Instagram Has Become a Body-Image Battleground


First, there was Gigi Hadid, taking to Instagram to defend herself against critics who took aim at her body type. Now, there’s Vin Diesel.

Mr. Diesel, the actor in the “Fast and Furious” series, posted a response to the accusation he had a “dad bod” on his feed over the weekend, writing, “Body-shaming is always wrong!” He then followed up with a shot flashing his (pretty pronounced) abs.

Like Ms. Hadid, Mr. Diesel received thousands of comments in response, cheering him on.

Both of them are following in the footsteps of Demi Lovato, the former Disney star-turned-troubled teenager-turned-body activist, who has been using Instagram pretty regularly to celebrate her love of her body. Ms. Lovato recently posted a picture of herself sprawled out over some sort of lounge in a playsuit and heels with the words, “Learn to lurrrrrvveee yerrrrr currrrrvveees,” adding, “I actually used to hate them.”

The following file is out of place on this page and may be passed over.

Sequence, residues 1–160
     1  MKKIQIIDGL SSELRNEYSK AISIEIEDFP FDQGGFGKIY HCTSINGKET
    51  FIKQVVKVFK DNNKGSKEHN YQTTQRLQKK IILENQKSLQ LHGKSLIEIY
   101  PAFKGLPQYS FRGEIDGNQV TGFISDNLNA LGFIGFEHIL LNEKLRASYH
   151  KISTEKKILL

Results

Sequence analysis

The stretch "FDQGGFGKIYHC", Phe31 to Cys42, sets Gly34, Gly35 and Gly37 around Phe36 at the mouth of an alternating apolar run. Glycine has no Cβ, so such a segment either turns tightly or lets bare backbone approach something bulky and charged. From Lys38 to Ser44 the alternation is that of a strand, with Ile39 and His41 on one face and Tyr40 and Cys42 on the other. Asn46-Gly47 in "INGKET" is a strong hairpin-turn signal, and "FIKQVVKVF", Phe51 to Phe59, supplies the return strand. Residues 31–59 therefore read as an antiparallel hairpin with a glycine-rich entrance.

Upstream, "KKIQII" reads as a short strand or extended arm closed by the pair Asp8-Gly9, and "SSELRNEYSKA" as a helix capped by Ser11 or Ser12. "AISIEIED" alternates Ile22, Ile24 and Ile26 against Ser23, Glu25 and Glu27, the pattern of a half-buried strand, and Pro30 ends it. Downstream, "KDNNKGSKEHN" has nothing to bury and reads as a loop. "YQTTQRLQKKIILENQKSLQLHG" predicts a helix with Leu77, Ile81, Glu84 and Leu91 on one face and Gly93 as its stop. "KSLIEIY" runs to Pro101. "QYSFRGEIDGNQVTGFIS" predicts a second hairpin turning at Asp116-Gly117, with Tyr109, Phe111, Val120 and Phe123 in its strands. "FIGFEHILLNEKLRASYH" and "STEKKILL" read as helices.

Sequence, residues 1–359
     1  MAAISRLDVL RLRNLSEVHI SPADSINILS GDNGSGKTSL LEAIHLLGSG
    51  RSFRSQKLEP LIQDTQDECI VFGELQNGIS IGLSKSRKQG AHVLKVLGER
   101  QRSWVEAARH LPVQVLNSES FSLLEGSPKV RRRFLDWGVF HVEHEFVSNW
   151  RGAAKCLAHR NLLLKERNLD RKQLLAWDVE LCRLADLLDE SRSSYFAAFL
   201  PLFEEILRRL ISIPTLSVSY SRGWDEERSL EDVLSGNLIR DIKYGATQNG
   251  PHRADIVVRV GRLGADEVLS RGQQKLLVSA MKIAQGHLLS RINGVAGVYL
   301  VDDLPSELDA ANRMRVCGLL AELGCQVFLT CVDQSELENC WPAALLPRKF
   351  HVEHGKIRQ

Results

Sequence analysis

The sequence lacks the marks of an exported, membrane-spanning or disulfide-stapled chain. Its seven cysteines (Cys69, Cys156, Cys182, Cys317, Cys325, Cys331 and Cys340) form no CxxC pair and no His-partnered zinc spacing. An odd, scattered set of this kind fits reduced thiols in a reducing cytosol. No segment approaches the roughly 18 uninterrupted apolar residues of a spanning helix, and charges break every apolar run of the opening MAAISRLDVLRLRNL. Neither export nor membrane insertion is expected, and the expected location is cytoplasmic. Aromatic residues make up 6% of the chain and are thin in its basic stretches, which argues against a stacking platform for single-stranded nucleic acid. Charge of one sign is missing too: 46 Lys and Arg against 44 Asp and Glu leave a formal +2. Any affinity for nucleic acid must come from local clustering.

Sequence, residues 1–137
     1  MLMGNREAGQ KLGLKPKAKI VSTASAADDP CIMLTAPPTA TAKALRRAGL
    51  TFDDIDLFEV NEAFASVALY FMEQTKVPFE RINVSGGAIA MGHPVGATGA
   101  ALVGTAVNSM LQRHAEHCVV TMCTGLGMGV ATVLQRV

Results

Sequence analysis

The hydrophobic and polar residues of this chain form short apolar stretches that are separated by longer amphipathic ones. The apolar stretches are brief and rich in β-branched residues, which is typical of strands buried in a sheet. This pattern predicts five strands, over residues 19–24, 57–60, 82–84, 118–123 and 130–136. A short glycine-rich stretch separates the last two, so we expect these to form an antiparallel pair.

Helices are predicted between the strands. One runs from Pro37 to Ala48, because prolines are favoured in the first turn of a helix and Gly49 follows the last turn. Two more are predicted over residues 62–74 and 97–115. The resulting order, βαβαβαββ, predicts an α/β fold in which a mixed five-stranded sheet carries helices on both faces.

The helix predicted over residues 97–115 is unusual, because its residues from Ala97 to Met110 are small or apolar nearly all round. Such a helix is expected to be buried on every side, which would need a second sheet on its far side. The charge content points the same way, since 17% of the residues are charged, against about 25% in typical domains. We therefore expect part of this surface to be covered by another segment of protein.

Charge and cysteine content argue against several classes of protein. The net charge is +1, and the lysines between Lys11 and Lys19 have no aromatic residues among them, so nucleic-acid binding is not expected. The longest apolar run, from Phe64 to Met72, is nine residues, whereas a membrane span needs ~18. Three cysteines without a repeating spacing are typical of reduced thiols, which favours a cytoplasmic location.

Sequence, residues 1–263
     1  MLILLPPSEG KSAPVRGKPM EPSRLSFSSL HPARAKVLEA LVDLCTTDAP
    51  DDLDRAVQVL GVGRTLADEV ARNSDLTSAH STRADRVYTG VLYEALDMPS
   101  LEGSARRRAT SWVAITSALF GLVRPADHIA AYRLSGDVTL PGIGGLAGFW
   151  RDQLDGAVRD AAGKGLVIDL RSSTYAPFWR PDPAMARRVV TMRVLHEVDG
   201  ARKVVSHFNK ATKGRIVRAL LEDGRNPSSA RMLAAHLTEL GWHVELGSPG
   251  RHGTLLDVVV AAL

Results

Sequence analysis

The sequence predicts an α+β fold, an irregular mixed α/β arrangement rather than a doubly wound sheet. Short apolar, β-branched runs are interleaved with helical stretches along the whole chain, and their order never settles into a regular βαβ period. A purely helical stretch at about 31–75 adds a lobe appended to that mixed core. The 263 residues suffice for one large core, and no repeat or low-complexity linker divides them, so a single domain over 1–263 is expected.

It suggests that the social media platform could become something of a soapbox for this particular issue. Perhaps even the most effective soapbox.

It makes sense, after all, since body image, while a psychological issue, begins with optics, and Instagram is first and foremost an optical platform. Mr. Diesel’s words convey his position, but his picture shuts the debate down.

This was, in fact, the argument Lena Dunham offered at the Vanity Fair New Establishment conference. Though she had handed over her Twitter account to her team because of what she saw as its aggressive negativity, she has remained on Instagram. The ability to post a picture, and the fact that there was no character limit, means the whole issue could be explored in greater detail.

Instead of retreating, it takes the fight directly to the fans, who seem to be happy to play their part of outraged army.

In any case, I don’t think this was necessarily part of the Instagram remit from the start, but the folks who administer the platform might start paying attention. There’s a lot of focus at the moment on what the platform can do for fashion, and on its retail potential, but it seems to me it may have at least as much, if not more, potential as the fulcrum of the national conversation on size and health.


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